Aaron Murray is another player whose stock is all over the place as some onlookers value certain aspects more than others.

    It's no secret he was statistically productive his first three years, but his passing yardage last season dropped by more than 800 yards in comparison to 2012 and his touchdowns dipped by 10.

    One aspect of his stock that he couldn't change last season was his size. He's a tad small at 6'1" and 207 pounds, and while the likes of Russell Wilson have made that easier to overlook in recent years, a torn ACL brought it back to the forefront of the conversation in regard to Murray.

    He is an accurate quarterback, but he also did little to shake the Andy Dalton comparison as a senior. His arm is simply weak when throwing down the field, and he's not the type of quarterback who will upgrade the play of those around him.

    As a result, Murray barely rests inside the top 150 at CBS Sports. Unlike the others on this list, he can still do much to improve his stock. But for now, more questions than answers remain.

Bryn Renner, North Carolina

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    Gerry Broome

    Bleacher Report Preseason Rank: N/A

    ESPN Preseason Rank: N/A

    NFL.com Preseason Rank: No. 10

    It's an unfortunate reality of the business that an injury can derail what would have been a solid draft position.

    Such is the case for North Carolina's Bryn Renner, whose collegiate career came to a premature end back in November. After two years of solid mechanics with a minimum of 3,000 passing yards and 26 touchdowns in each one, he attempted just 231 passes and was on pace to set a career high in interceptions before the injury.

    Still, Bucky Brooks had written before the season that Renner's stock was on a major upswing:

    After quietly posting back-to-back 3,000-yard seasons, Renner has started to create a buzz in the scouting community after shining at the Manning Passing Academy. The 6-foot-3, 225-pound senior stood out as one of the best pure passers in the camp by displaying superb arm strength, accuracy and touch in drills.

    Renner has done little on the path to the draft to reignite that stock. He sits with an undrafted grade at CBS Sports well out of the top 350. Until he can prove he is the same before the injury, his stock unfortunately won't budge.

Keith Price, Washington

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    Ted S. Warren

    Bleacher Report Preseason Rank: N/A

    ESPN Preseason Rank: N/A

    NFL.com Preseason Rank: No. 16

    Let's dig deep for another candidate.

    Marred by rampant inconsistency in year-to-year production, Keith Price was an intriguing dual-threat option who never saw his completion percentage dip below 60.9 percent. Regardless of the system, that's a rather impressive number.

    Bucky Brooks put it best, noting that Price had a legitimate shot to further climb the board:

    The rise in prominence of dual-threat playmakers in football helps Price earn a spot on the list despite a shaky junior season. The 6-foot-1, 202-pound senior perplexed observers with his inconsistencies and poor decisions a season ago after terrorizing the Pac-12 as a sophomore (3,063 pass yards with 33 touchdowns and 11 interceptions). If he can regain his superstar form from a few seasons ago, Price might catapult more prominent names on this list to become a legitimate consideration in the 2014 draft.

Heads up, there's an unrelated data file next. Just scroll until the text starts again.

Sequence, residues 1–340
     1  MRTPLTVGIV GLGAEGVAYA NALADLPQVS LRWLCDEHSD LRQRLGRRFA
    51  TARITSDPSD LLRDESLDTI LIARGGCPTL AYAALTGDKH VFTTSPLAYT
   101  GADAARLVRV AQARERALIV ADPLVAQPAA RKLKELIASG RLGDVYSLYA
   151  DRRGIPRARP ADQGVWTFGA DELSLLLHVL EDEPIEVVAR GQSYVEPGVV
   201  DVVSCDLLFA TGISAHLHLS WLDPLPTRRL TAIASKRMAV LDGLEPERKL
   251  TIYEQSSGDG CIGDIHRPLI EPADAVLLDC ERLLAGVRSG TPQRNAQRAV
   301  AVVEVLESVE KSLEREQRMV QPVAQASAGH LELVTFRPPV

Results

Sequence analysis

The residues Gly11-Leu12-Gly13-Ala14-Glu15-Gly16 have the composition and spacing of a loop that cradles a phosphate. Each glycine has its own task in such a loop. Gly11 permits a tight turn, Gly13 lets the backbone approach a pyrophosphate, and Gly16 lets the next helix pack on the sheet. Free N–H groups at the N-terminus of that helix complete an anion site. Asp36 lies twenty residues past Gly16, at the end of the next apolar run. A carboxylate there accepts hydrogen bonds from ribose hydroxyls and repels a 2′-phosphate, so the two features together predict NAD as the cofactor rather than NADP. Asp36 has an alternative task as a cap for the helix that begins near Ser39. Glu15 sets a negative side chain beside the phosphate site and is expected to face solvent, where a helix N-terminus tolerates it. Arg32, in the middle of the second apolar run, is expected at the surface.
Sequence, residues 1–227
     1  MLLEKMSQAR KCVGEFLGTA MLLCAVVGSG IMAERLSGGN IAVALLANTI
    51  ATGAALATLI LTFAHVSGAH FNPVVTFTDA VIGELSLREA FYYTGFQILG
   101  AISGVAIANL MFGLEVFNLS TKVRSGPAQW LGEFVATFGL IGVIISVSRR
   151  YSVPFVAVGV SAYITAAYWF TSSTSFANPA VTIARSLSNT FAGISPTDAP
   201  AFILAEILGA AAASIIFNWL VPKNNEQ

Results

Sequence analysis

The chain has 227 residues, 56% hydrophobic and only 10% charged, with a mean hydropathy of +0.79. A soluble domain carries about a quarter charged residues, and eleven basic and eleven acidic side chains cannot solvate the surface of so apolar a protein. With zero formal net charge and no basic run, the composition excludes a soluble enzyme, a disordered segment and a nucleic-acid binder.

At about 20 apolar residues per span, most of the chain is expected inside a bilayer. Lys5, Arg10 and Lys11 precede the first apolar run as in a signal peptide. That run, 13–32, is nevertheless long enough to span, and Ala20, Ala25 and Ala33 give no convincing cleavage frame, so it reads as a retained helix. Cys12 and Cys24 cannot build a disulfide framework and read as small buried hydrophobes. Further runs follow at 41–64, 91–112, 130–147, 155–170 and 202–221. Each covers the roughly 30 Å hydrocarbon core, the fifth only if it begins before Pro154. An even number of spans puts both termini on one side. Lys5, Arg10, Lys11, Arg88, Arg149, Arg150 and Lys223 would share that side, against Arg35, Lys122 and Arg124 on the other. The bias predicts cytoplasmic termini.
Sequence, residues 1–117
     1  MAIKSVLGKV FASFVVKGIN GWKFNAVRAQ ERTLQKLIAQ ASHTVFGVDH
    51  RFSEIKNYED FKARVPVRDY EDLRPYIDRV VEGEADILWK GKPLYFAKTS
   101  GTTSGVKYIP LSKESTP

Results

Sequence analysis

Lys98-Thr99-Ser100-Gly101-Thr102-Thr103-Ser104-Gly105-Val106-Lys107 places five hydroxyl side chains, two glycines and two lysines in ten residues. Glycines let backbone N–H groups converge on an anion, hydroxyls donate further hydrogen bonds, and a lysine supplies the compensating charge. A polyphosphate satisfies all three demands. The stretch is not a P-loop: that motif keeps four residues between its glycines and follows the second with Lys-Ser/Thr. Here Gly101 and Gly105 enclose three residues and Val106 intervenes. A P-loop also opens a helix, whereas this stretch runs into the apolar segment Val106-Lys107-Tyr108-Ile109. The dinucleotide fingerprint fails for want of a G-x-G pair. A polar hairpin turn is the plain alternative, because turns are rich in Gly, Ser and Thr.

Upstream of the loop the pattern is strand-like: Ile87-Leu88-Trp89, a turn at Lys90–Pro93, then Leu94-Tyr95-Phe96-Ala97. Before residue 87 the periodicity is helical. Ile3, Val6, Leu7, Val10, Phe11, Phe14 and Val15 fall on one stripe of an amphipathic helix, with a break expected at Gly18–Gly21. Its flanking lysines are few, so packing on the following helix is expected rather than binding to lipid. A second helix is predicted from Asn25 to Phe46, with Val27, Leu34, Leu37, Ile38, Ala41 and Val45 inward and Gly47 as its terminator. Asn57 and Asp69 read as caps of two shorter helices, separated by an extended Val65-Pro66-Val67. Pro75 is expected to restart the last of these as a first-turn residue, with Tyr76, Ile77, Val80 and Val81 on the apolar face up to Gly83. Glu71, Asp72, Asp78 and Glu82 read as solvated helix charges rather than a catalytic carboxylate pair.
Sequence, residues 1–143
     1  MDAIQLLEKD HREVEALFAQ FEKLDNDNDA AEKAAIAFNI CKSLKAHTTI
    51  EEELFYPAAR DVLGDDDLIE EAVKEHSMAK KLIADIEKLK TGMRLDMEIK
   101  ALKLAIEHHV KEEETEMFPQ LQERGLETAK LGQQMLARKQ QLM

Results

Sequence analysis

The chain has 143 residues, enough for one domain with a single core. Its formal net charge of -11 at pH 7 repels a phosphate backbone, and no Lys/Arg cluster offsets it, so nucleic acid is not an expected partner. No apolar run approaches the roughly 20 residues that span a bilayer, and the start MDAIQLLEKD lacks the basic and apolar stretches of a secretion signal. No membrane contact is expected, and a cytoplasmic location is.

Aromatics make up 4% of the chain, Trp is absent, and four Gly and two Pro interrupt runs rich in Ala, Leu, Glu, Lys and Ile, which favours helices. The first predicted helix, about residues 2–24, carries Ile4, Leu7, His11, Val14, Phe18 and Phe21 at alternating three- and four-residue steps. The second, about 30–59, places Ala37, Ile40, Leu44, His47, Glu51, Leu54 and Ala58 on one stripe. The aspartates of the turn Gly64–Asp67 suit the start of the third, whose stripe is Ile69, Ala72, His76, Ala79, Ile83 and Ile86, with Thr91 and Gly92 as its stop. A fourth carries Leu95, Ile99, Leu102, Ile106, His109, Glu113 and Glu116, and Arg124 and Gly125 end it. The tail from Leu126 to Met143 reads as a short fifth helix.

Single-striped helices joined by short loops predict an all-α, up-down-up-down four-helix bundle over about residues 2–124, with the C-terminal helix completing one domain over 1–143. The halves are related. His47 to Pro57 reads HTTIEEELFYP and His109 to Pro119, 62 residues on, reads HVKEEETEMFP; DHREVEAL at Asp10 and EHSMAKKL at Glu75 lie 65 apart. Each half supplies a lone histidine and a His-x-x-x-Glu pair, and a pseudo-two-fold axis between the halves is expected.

Most concurred before last season that Price would warrant perhaps as high as a fifth-round pick. But the pros were clearly not impressed with his production, and he was subsequently not invited to the combine.

    Now well outside of the draft looking in, he will likely have to battle for a roster spot as an undrafted hopeful.

Jordan Lynch, Northern Illinois

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    Michael Conroy

    Bleacher Report Preseason Rank: N/A

    ESPN Preseason Rank: N/A

    NFL.com Preseason Rank: N/A

    There was a semblance of interest in Jordan Lynch as a quarterback before the 2013 season. The year prior he had thrown for more than 3,000 yards and 25 scores while completing better than 60 percent of his passes. Rushing for more than 1,800 yards was icing on the cake.

    A selection in the fifth or sixth round was not that difficult to see, but Lynch went out as a senior and attempted more passes but tallied fewer yards and touchdowns. Outside of stats, he had done little to convince scouts his mechanics had changed for the better.

    This offseason, he has spent time working as a defensive back and running back, but says his heart is still at quarterback, per Zach Zaidman of CBS 2 Chicago:

    NIU QB Jordan Lynch on what he tells NFL teams: "They're going to make a huge mistake if they don't put me at quarterback."

    — Zach Zaidman (@ZachZaidman) February 21, 2014

    As a quarterback, Lynch comes in at No. 475 overall at CBS Sports. His final collegiate season did little to change the minds of those in charge as to his potential at the position.

     

    Note: Bleacher Report preseason quarterback rankings via Matt Miller, NFL.com's via Bucky Brooks, and ESPN's via Mel Kiper Jr. (subscription required). Current round projections via CBS Sports.